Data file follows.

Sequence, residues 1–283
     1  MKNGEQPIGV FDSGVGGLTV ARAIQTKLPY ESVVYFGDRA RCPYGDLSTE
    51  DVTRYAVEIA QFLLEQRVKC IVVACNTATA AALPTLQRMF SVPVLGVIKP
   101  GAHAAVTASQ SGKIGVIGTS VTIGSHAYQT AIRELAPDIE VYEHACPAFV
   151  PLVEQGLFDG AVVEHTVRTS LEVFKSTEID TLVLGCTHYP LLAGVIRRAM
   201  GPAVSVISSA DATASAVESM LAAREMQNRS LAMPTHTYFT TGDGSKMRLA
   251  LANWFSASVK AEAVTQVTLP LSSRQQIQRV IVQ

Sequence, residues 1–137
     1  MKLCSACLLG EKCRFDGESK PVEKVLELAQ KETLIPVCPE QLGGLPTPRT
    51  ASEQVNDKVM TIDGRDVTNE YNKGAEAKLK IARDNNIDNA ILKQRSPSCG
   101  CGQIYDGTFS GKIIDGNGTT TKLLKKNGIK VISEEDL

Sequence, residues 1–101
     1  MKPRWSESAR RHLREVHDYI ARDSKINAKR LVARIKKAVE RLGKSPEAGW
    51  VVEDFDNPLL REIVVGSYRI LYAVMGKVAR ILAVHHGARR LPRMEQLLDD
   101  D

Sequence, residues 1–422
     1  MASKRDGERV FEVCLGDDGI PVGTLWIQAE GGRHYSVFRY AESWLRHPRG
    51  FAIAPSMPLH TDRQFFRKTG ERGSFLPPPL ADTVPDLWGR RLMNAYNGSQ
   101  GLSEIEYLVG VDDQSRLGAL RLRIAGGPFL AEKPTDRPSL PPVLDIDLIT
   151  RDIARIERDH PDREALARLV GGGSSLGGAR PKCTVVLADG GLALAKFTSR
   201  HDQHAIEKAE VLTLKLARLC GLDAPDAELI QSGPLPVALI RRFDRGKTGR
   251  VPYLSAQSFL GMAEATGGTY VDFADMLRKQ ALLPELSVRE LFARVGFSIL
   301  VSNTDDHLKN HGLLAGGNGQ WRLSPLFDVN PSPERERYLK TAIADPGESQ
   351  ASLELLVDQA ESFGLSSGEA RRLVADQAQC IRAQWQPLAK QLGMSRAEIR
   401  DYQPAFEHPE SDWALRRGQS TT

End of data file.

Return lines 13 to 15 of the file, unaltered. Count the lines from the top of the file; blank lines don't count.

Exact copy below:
     1  MKPRWSESAR RHLREVHDYI ARDSKINAKR LVARIKKAVE RLGKSPEAGW
    51  VVEDFDNPLL REIVVGSYRI LYAVMGKVAR ILAVHHGARR LPRMEQLLDD
   101  D